Communications of the ACM has a long history of attracting
advertisers who value a global audience of computing
professionals. Indeed, the first ad appeared by the fifth
issue: The Radio Corporation of America (aka RCA)
advertised on the back cover of the May 1958 issue to
promote the many career opportunities available in its
Astro-Electronics Products Division. That placement would
draw the attention of many corporate competitors of the
day, including Bendix, Remington Rand, Burroughs, IBM,
Sylvania, and Wiley. All recognized the stellar audience
their ads would reach if positioned in Communications.
Now, in its 50th year, advertisers continue to value the role
Communications plays in keeping its readers ahead of the
technological trends, new applications, and timely research
developments. ACM's flagship publication is delivered each
month to its 83,000 members—an illustrious audience
representing every known computing discipline
(and some still unknown) who look to their monthly edition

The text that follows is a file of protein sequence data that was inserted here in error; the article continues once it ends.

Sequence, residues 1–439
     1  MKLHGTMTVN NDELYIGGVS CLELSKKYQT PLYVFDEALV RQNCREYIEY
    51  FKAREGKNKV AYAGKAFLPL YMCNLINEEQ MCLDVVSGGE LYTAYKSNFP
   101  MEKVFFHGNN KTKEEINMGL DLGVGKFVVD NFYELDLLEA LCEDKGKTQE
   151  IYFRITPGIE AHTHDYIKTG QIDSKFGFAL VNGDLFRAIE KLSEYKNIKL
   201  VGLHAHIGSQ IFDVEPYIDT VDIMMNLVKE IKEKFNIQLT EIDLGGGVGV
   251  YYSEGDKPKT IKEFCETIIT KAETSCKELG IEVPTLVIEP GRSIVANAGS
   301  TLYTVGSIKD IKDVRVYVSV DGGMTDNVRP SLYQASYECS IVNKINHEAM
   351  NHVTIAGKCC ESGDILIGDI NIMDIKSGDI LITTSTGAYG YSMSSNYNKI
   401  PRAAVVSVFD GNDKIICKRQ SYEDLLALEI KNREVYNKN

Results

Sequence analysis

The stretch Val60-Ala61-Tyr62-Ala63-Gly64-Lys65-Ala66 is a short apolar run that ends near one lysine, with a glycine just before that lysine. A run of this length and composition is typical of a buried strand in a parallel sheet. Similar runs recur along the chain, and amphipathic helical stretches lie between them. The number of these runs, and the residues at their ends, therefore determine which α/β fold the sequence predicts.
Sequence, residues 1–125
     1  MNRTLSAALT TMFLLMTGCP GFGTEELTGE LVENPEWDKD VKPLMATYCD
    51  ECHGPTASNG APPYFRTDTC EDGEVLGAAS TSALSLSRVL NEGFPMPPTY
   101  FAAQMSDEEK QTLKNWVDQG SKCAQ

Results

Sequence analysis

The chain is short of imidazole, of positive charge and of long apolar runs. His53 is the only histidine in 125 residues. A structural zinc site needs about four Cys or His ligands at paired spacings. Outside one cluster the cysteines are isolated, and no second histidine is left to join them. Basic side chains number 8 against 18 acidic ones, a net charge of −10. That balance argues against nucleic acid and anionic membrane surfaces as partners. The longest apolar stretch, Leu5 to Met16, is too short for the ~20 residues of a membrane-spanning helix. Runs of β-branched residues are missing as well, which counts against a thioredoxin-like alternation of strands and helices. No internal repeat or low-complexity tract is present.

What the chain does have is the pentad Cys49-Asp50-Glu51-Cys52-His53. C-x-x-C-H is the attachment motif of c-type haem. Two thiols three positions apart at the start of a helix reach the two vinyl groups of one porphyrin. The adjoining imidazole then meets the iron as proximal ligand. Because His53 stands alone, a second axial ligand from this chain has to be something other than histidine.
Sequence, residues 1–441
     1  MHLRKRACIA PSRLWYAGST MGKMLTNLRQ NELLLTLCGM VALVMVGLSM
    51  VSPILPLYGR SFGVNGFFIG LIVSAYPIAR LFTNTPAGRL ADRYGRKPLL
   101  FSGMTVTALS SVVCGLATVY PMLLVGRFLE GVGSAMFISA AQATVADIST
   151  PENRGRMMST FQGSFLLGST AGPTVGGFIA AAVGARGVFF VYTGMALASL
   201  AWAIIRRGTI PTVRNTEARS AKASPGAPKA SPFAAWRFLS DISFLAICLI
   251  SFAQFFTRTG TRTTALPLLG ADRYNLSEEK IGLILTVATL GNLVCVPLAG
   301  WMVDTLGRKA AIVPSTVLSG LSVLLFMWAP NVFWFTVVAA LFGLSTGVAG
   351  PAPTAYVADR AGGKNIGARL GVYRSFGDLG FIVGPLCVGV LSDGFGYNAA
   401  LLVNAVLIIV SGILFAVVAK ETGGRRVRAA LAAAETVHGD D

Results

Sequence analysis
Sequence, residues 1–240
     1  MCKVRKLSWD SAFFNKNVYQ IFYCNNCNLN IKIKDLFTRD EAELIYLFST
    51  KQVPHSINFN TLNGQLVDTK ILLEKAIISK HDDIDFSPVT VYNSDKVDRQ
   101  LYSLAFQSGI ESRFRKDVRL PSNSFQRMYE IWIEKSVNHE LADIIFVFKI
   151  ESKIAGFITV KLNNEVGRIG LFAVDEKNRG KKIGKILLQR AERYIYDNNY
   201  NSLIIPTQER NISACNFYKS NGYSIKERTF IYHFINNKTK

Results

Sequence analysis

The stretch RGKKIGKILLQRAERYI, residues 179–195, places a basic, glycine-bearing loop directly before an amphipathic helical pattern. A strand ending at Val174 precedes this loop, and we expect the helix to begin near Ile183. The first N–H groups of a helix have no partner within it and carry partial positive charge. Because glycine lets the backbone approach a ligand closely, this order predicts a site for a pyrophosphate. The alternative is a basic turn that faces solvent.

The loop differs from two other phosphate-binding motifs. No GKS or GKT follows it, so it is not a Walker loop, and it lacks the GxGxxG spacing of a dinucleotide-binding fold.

to stay abreast of the latest in their own field as well as learn
how advancements in other fields will impact their work.
Communications of the ACM is devoted to providing readers
with in-depth coverage of the uses, strengths, and future of
information technology and computer science.
Competitive realities demand new skills from successful
decision makers, IT managers, and researchers. New
products enter the marketplace daily promising greater
productivity and quality. But new products alone do not
offer long-awaited profitability gains or offer a
competitive edge—people do—well-informed people who
regularly read Communications of the ACM.
Communications readers are highly educated, with 68%
obtaining master’s or doctorate degrees and 55% with more
than 20 years of professional experience.
According to a recent independent readership survey, the
majority of Communications readers describe their primary
job responsibilities as software/applications
designers, developers, and engineers. Indeed, 75% of
Communications readers design or write
software. The average annual budget for computer products
at the companies these readers represent is over $850,000.
As Communications of the ACM embarks on a new year,
with many new and extraordinary editorial changes afoot,
its readers will still turn to it for the same reasons those
first readers did 50 years ago—to stay informed of the
ever-changing world of computing and the countless
opportunities it affords.
“Communications readers describe
their primary job responsibilities as
developers, and engineers.
75% of Communications
readers design or write software”